First: calm down, everyone. I know it’s “VALE” of tears, but bear with me.
As readers will have surmised by now, my grandmother—Jane—was a driving force in what media I consumed, and how I consumed it. Jane is perhaps the only person I’ve known who could re-watch movies as often as me. She would watch, and rewatch, and rewatch. She would wake you up in the middle of the night because something she loved was playing on cable; Jane would quietly coax you from sleep with the urgent whisper, “Come watch this with me; it’s never on.”
I think Jane’s heart must have (safely) skipped two beats the day I showed up to her porch with the library’s plastic-encased VHS copy of A Room with a View. We watched it that afternoon, and many, many times after. We reveled in the beautiful absurdity of the sumptuous settings and costumes juxtaposed with supposedly classy people doing inane things. Don’t get it twisted, readers: Room is an enduring and lovely portrait of Edwardian coming of age, but it’s filled with silliness. Merchant/Ivory’s 1985 film highlights this beautifully.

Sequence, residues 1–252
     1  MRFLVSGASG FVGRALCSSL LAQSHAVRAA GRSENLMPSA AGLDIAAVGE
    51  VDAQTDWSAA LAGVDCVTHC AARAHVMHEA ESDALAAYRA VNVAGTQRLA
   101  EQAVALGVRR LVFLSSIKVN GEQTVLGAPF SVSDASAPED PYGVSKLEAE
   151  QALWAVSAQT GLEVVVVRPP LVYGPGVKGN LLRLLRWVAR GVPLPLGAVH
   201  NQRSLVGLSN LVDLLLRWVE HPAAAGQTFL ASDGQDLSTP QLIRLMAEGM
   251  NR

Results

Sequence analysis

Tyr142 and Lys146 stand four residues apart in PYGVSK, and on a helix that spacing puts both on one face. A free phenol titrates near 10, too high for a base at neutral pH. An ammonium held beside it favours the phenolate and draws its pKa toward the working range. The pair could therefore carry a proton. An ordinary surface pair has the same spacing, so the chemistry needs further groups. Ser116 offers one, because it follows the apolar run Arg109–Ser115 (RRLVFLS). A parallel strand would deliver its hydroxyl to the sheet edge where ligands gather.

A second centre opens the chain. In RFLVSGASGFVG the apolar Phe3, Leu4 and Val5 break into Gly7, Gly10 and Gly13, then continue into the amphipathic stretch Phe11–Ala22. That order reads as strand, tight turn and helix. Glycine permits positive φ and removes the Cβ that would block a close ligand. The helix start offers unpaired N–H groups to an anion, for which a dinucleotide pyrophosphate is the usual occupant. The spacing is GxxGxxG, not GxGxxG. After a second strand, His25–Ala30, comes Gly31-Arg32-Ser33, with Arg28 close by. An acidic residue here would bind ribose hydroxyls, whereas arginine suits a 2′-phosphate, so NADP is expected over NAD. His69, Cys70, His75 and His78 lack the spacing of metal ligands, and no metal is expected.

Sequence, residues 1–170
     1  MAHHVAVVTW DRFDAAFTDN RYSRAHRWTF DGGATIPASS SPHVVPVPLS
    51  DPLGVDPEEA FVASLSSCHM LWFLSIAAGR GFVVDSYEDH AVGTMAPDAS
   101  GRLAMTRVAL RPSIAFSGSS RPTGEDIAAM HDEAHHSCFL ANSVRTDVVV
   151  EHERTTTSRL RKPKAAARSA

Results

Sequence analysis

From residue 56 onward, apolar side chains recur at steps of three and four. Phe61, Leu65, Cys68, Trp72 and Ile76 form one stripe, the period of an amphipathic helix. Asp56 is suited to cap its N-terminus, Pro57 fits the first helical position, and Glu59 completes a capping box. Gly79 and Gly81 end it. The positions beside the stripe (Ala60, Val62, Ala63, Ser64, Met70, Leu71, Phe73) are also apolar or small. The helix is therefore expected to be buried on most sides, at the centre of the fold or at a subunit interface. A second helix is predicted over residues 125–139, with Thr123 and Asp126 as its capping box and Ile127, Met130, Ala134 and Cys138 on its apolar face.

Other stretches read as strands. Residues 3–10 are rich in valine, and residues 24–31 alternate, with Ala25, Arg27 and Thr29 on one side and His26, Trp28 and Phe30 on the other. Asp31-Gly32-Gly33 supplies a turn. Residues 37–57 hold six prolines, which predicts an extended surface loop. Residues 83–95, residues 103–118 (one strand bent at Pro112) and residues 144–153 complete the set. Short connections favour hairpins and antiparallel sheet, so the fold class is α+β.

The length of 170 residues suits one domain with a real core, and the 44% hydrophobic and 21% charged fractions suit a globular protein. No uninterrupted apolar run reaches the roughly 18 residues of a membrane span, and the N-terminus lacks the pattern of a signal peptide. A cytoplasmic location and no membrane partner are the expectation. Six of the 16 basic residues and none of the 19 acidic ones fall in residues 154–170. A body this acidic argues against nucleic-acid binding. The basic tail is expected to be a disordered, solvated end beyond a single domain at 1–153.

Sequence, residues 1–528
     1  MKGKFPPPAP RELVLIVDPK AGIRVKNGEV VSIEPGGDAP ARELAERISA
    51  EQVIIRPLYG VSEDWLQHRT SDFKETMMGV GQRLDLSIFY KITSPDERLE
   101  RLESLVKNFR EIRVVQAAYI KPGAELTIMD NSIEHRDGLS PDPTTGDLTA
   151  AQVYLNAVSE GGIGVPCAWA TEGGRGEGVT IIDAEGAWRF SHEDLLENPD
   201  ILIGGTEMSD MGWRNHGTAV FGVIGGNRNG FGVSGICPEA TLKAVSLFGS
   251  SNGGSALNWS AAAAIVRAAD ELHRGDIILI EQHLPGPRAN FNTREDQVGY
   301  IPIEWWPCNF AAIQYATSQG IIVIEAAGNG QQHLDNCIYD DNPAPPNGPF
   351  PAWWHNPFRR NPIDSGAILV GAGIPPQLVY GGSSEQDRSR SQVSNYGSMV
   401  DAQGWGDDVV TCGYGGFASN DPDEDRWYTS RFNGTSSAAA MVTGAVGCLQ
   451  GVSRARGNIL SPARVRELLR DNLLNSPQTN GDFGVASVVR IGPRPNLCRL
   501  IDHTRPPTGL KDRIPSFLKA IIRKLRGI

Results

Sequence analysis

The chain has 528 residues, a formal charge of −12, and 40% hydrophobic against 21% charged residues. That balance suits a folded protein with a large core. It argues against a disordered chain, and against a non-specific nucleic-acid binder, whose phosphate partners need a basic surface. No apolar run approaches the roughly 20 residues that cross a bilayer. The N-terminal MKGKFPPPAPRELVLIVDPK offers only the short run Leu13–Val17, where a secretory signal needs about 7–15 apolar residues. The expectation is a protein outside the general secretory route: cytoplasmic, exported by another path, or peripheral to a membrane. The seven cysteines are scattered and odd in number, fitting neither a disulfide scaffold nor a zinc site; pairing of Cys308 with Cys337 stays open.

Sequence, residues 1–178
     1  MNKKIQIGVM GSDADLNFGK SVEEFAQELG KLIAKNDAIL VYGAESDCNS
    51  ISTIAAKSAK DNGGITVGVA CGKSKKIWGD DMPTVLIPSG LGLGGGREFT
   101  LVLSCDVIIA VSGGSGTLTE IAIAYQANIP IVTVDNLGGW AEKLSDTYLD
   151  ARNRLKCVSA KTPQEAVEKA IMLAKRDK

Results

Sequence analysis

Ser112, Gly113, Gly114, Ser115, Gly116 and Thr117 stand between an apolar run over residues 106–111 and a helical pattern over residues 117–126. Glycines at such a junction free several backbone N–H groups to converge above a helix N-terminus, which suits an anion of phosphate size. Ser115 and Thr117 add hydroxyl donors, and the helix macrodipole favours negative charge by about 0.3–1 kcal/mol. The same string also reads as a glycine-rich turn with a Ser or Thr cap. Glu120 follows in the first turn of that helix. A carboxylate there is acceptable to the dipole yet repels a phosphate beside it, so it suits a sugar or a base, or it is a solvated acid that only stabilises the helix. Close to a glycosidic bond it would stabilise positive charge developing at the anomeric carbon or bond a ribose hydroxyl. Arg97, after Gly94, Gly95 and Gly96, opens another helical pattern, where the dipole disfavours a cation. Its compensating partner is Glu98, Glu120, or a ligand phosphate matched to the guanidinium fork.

But what has stuck with me most profoundly in the interceding 25 years since she and I first watched the tape, was Jane’s reaction to the climactic scene wherein the frazzled Lucy Honeychurch finally admits her love for the enigmatic George Emerson. Helena Bonham Carter’s portrayal of Lucy captured a wide-eyed wonder with an existential veneer that, I’d argue, remains relevant to today’s teens. But when the façade crumbles and her emotions let loose, Lucy cries for the first and only time in the film. Tears stream from her eyes and snot drips from her nose down her chin. At this Jane said, “She looks terrible: that’s not acting–that’s feeling.”
Tiny though the comment was, it has stuck with me because it confirmed something I’d suspected; feelings are messy. Even today, if I’m having a hard time and my face is red and wet from racking sobs and I’m tempted to hide, I think to myself, “I look terrible: that’s feeling.”